President Ellen Johnson Sirleaf has said that some non-government organizations (NGOs) operating in the country are now going out the way by making themselves super-national bodies that have sought to challenge the sovereignty of the state though they themselves have financial and moral integrity problems.
The Liberian leader said that since the restoration of peace and democratic governance in Liberia, NGOs, both national and international, continue to contribute to the reconstruction process of our country, but that does not give them the right to go beyond their borders.
NGOs, during and after the civil crisis, some of them prior to the crisis, had traditionally provided services in wide areas of humanitarian assistance and development. But recently, more of the NGOs’ activities have been centered on improving democracy and governance; human rights; environment and natural resources.
Giving her state of the nation’s address on Monday January 27, at the Capitol Building in Monrovia, the President noted that some NGOs in the above-mentioned sector have sought to become super-national bodies challenging national sovereignty even as they themselves lack national and international governance status and rules in transparency and accessibility.
Providing a statistical analysis of NGOs in the country, President Sirleaf said: “To date, Liberia has a total of 997 NGOs – 874 National and 123 International – operating in the 15 counties of Liberia. These NGOs had traditionally provided services in wide areas of humanitarian assistance and development.”
She furthered, “More recentlythe emphasis has been on democracy and governance; human rights; environment and natural resources. In these latter functions, some NGOs have sought to become super-national bodies challenging national sovereignty even as they themselves lack national and international governance status and rules in transparency and accessibility.”
The Liberian leader said that as government strives to speed up its post-conflict development “we must ensure efficiency, transparency and accountability by NGOs in their delivery of services to our people. We must guarantee a strong inter-sectoral framework and information-sharing mechanisms between the institutions of government and non-governmental organizations.”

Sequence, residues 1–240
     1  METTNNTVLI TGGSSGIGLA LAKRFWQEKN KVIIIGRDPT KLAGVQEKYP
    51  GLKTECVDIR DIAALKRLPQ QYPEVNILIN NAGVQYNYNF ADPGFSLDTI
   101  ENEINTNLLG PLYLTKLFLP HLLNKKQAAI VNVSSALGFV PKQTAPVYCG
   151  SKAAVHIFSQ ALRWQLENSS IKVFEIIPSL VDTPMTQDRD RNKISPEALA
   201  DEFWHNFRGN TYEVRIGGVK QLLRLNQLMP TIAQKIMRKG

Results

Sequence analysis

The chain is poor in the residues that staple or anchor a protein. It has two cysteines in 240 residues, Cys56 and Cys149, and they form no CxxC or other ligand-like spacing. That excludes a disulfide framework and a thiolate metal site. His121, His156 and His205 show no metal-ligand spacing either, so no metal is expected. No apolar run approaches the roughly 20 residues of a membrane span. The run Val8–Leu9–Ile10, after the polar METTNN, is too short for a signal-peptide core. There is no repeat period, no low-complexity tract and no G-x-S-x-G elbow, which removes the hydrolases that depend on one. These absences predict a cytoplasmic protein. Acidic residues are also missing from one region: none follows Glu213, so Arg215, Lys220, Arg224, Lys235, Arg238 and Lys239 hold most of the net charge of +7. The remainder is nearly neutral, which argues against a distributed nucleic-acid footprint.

She indicated that to ensure this partnership is achieved, Government will require national and international NGOs to submit a report of their annual activities, and register with a relevant government agency every year; that NGOs disclose to the government the details of the funds pledged by donors for project implementation in the country; that funds secured for capacity-building are utilized, in collaboration with the relevant ministries or agencies of government.
She also said that all funds released to NGOs by a donor should be transferred from the donor to the NGOs through an account in a commercial bank in Liberia; that all vehicles owned by NGOs should be registered in the name of the organization and be clearly marked with the name and logo of the organization or face impoundment; and that all assets owned by international non-governmental organizations—purchased or acquired with donor funds—are the property of the Liberian people who are the direct beneficiaries.
“In an instance where an organization decides to close down its operations, the organization shall surrender such assets to the sector Ministries or Agencies of Government in which such NGO operated,” the Liberian President, noted.
It is not clear to which organizations the president was referring. However, a number of NGOs stand out as having been extremely critial of various GOL policies over the past year.
Global Witness, in partnership with well-established local firms such as Green Advocates and the Sustainable Development Institute (SDI), have been particularly critical of the Liberian government on environmental issues such as Private Use Permits and what they describe as land grabbing on the part of multi-national corporations such as Sime Darby and Golden Veroleum.
The Committee for the Protection of Journalists (CPJ) was also very vocal during the trial and subsequent incarceration of FrontPage Africa publisher Rodney Sieh. The CPJ brought pressure to bear on the GOL to release Sieh on human rights and press freedom grounds, whereas the government maintained that the case was a civil case.
Transparency International's Corruption Perceptions Index ranked Liberia as the second most corrupt in the world and the Liberia National Police (LNP) as the most corrupt insititution in Liberia, specifically with regard to forced bribery.